Science and religion in neo-Victorian novels : eye of the ichthyosaur
- John Glendening.
- New York : Routledge, 2013.
- Physical description
- 261 p. ; 24 cm.
- Routledge studies in nineteenth-century literature ; 9.
- Glendening, John.
- Includes bibliographical references (p. -252) and index.
- 1. Introduction
- 2. Reconstructing History: "The World-Renowned Ichthyosaurus"
- 3. Fossils and Faith: Remarkable Creatures, Ever After, and The Bone Hunter
- 4. Paradises Lost: The Voyage of the Narwhal and English Passengers
- 5. Evolution and the Uncrucified Jesus: The French Lieutenant's Woman
- 6. True Romance: A. S. Byatt's Possession and "Morpho Eugenia"
- 7. Devil's Chaplain: This Thing of Darkness and Mr. Darwin's Shooter
- 8. Victorians and Other Apes: Monkey's Uncle and Ark Baby
- 9. Conclusion: Confessing a Murder and Love and the Platypus.
- (source: Nielsen Book Data)
Criticism about the neo-Victorian novel - a genre of historical fiction that re-imagines aspects of the Victorian world from present-day perspectives - has expanded rapidly in the last fifteen years but given little attention to the engagement between science and religion. Of great interest to Victorians, this subject often appears in neo-Victorian novels including those by such well-known authors as John Fowles, A. S. Byatt, Graham Swift, and Mathew Kneale. This book discusses novels in which nineteenth-century science, including geology, paleontology, and evolutionary theory, interacts with religion through accommodations, conflicts, and crises of faith. In general, these texts abandon conventional religion but retain the ethical connectedness and celebration of life associated with spirituality at its best. Registering the growth of nineteenth-century secularism and drawing on aspects of the romantic tradition and ecological thinking, they honor the natural world without imagining that it exists for humans or functions in reference to human values. In particular, they enact a form of wonderment: the capacity of the mind to make sense of, creatively adapt, and enjoy the world out of which it has evolved - in short, to endow it with meaning. Protagonists who come to experience reality in this expansive way release themselves from self-anxiety and alienation. In this book, Glendening shows how, by intermixing past and present, fact and fiction, neo-Victorian narratives, with a few instructive exceptions, manifest this pattern.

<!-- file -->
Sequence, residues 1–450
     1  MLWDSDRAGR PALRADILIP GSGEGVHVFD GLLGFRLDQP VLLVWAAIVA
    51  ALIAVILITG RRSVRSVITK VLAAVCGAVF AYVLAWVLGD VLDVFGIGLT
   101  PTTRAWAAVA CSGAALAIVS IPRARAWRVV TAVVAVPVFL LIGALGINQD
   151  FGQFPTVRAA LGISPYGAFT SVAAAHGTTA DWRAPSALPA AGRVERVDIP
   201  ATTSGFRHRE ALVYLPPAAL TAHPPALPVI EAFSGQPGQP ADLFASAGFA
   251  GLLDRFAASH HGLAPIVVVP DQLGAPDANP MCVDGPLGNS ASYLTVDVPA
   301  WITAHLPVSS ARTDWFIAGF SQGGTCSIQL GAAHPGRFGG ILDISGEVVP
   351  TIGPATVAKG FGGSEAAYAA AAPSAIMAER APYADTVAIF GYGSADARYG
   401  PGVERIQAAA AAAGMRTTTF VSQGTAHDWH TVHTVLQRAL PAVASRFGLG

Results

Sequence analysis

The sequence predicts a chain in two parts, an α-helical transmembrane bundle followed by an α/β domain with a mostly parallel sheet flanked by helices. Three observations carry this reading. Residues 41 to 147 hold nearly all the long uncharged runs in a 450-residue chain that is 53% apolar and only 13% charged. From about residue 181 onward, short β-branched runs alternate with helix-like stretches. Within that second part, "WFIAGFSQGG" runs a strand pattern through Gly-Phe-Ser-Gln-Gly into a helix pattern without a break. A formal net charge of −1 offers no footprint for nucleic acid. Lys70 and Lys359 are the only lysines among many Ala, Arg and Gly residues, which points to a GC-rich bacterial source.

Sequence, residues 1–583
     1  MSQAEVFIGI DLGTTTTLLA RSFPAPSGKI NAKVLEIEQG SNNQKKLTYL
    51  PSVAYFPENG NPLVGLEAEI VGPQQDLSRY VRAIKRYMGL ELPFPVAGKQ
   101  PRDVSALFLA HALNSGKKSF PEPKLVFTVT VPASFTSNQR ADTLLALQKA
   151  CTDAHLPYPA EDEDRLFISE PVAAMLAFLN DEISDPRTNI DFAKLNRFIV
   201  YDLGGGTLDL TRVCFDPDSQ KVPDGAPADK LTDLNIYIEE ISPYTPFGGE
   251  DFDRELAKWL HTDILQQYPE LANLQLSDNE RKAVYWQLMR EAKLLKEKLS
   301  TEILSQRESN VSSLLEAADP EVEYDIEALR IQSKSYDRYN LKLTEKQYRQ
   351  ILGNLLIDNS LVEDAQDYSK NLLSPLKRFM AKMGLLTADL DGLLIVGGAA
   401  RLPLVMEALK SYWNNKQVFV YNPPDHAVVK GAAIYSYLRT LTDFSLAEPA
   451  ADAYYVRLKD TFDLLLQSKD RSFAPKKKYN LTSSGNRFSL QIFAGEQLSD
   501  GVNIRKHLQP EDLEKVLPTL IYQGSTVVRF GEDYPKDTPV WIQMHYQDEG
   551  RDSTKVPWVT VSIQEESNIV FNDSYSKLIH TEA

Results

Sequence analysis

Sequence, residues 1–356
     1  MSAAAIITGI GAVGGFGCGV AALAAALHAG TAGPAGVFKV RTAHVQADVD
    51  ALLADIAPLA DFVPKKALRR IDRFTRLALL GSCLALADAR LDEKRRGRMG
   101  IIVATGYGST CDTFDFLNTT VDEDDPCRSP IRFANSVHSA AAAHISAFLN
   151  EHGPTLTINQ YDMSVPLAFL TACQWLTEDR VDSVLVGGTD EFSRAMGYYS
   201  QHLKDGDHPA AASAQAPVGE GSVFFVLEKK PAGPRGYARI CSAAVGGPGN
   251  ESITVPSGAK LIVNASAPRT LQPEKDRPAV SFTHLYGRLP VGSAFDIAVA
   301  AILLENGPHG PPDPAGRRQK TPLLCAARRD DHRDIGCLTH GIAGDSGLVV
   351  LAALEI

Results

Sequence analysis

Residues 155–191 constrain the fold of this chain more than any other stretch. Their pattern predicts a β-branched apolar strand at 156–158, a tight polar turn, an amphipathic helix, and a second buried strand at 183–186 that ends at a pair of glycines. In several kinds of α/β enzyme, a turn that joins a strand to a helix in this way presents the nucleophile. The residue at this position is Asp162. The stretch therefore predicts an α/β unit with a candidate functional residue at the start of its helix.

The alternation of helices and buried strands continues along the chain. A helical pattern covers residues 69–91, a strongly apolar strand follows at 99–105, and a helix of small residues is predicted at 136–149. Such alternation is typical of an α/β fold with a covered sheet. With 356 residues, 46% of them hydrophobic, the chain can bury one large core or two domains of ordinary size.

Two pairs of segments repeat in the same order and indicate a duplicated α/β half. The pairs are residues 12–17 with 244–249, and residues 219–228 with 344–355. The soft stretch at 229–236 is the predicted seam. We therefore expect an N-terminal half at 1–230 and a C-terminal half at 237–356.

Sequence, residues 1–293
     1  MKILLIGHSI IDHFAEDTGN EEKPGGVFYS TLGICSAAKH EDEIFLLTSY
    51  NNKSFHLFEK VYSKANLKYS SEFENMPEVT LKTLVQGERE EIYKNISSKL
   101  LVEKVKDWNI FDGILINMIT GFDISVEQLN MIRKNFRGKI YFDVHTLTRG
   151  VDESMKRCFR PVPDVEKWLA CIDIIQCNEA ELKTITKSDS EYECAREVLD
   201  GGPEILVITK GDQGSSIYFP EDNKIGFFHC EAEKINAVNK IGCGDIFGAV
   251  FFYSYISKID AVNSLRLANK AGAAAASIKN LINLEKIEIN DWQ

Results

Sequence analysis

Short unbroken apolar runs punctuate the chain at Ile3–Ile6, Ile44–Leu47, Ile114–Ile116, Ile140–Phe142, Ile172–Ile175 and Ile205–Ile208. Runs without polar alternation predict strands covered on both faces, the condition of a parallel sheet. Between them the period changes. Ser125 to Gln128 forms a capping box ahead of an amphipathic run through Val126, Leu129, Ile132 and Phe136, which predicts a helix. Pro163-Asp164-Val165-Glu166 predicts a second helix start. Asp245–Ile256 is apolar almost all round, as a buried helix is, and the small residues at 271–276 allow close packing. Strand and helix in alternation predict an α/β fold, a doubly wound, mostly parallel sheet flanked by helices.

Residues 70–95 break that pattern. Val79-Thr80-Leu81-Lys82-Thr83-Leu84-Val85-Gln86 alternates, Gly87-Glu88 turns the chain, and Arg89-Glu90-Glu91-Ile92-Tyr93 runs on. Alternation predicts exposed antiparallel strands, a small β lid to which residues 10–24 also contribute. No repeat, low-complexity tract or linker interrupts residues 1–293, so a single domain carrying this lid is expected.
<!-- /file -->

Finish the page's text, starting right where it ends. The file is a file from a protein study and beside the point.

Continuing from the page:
(source: Nielsen Book Data)
- Science in literature.
- Religion in literature.
- English fiction > 20th century > History and criticism.
- English fiction > 21st century > History and criticism.
- Historical fiction, English > History and criticism.
- Natural history in literature.
- Scientific expeditions in literature.
- Literature and science > Great Britain.
- Religion and science > Great Britain > History > 19th century.
- Great Britain > History > Victoria, 1837-1901 > Historiography.
- Publication date
- Routledge studies in nineteenth-century literature ; 9
- 9780415819435 (hardback)
- 0415819431 (hardback)
- 9780203383230 (ebook)
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